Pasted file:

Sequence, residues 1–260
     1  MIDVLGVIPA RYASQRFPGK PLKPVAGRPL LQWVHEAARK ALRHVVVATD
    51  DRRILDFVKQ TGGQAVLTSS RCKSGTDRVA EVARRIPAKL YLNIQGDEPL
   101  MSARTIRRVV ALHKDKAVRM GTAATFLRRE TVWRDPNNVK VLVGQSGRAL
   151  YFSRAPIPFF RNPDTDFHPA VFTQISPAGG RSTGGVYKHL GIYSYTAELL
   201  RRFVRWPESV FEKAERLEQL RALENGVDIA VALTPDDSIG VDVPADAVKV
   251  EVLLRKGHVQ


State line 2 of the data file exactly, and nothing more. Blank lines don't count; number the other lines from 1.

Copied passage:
     1  MIDVLGVIPA RYASQRFPGK PLKPVAGRPL LQWVHEAARK ALRHVVVATD